In the weeks following the battle, Lydia replaced the siding on the barn and house and had the well re-dug. In order to acquire some of the money necessary to finance these repairs, she began selling the bones of dead horses on her property after the meat rotted off them one year later. Although the remains of horses were used for a variety of products, the main usage for bones was to harvest a substance called collagen and use it to make an adhesive. This process must have been extremely appalling and gruesome work for Lydia and her daughters; however their willingness to defy traditional 19th-century gender norms provides an illustrative example of how war-time necessity could, in many instances, stretch and shift the boundaries between masculine and feminine spheres. By 1868, Lydia’s work had clearly paid off, as she expanded her property with the acquisition of nine additional acres on the northern side of the original property from Peter Frey for $900.00. She also put on a two-story addition to the east gable of the house and expanded the barn in 1874. She remained on the farm until 1888, when her failing health caused her to move in with her daughter, Hannah, in the borough of Gettysburg itself. In May of that same year, the Gettysburg Battlefield Preservation Association purchased the Leister farm for $3000.00, eventually turning the property over to the National Park Service in 1933. Even though six decades had passed since the battle, Lydia still strove to transform the legacy of the destruction and bloodshed wrought on her farmstead into lucrative outcomes. Lydia herself passed away on December 29, 1893 on her 84th birthday.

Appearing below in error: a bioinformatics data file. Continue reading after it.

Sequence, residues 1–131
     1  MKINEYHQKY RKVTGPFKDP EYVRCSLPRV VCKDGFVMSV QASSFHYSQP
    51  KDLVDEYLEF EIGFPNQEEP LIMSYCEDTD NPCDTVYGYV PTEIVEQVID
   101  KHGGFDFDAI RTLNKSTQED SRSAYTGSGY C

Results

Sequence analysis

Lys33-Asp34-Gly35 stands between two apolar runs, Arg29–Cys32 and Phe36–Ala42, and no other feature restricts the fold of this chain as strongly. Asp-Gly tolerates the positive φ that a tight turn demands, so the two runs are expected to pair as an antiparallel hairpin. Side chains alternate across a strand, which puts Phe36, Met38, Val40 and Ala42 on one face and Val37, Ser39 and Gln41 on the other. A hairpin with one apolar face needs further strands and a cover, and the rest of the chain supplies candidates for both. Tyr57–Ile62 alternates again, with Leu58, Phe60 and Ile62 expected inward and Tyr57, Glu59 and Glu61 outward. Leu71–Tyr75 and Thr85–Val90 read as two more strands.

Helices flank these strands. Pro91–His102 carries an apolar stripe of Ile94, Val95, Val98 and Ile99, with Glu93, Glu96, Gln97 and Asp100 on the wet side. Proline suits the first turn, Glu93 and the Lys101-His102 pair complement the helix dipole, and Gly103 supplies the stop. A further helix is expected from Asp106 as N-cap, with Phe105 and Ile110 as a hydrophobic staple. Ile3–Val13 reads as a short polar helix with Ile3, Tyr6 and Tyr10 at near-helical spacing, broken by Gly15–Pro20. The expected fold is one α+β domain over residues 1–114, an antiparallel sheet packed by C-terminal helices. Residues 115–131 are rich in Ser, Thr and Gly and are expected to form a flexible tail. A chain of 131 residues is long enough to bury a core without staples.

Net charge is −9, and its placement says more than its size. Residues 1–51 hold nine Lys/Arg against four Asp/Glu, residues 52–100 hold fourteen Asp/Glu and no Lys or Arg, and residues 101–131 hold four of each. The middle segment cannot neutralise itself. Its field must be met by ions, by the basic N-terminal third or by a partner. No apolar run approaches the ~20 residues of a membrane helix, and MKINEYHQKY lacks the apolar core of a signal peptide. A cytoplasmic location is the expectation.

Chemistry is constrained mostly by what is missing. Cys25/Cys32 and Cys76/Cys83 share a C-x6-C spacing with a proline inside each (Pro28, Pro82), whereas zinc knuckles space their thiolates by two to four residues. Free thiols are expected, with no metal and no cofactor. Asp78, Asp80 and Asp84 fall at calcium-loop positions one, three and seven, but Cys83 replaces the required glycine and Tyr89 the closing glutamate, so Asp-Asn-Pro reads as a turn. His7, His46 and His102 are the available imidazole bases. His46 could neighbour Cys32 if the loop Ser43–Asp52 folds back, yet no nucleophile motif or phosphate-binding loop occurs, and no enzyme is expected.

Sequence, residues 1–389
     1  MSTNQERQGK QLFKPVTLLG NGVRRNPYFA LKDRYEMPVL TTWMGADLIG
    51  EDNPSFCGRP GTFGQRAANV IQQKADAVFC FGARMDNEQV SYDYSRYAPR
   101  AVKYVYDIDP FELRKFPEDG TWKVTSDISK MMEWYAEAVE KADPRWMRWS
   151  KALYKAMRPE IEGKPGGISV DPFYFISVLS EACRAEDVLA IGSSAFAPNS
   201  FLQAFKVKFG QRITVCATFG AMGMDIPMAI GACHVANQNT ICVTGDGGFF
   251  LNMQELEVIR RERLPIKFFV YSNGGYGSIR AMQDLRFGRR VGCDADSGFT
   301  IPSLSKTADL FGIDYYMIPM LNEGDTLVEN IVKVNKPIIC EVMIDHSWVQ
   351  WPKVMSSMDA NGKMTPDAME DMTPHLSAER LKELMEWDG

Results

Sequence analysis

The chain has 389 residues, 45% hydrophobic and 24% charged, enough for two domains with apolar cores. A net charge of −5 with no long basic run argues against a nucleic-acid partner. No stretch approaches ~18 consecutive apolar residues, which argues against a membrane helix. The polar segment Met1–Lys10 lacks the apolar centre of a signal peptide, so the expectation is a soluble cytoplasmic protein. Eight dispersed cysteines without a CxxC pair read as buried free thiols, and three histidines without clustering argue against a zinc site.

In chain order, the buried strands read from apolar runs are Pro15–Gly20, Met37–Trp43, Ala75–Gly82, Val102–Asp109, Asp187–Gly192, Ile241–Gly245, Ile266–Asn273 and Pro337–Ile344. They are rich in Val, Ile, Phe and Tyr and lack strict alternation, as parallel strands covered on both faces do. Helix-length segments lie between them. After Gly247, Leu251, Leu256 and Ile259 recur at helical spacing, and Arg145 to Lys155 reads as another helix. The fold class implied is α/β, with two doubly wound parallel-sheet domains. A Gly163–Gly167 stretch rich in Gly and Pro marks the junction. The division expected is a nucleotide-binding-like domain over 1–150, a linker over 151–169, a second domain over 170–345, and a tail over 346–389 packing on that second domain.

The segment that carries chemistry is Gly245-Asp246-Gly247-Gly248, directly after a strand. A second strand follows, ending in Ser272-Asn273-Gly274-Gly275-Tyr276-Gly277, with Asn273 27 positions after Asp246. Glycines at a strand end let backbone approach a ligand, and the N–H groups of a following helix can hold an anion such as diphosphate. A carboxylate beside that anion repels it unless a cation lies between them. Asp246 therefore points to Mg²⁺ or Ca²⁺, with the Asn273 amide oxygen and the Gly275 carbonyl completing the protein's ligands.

Lydia Leister’s story highlights her industriousness, determination, and remarkable ability to turn the war’s destructive forces into engines for personal opportunity. She did not receive any assistance from the government to repair her property, so she earned every penny by herself. Lydia even engaged in a subtle form of war profiteering, with the sale both of the horse bones and of her now famous property, in order to attain this money and achieve long-term financial stability in the wake of the battle. Despite the necessity of these actions, German stereotypes common throughout the 19th century tainted, if not obscured the full significance behind the nature and meaning of Lydia’s profiteering. One particular encounter between an early tourist of the battlefield and Lydia plainly showcases such impressions: “This poor woman’s entire interest in the great battle was, I found, centered in her own losses,” the man disgustedly remarked. “That the country lost or gained she did not know nor care, never having once thought of that side of the question.” The man also made a point to comment on Lydia’s very plain, “Dutch”-like appearance and thick accent, implying that Lydia’s German heritage was largely to blame for her selfish, harsh demeanor and seeming politically ignorance. However, Lydia’s struggles highlight how the harsh realities of war at the doorstep, by necessity, often re-focused civilians’ gaze squarely on the pragmatism of family survival, whereas civilians out of harm’s way, politicians, and even those soldiers on the front lines often placed discussions of the politics of war, martial order, camaraderie, and the political outcomes of military campaigns at the fore. As a result, individuals such as this tourist were inclined to misunderstand, mischaracterize, or misinterpret Lydia’s post-battle endeavors and concerns as unseemly, selfish, ignorant, or even backward. Truth be told, Lydia Leister was none of these, as it was her grit, determination, and creative opportunism in the face of incredible hardship that allowed her and her family to look to the future with great optimism.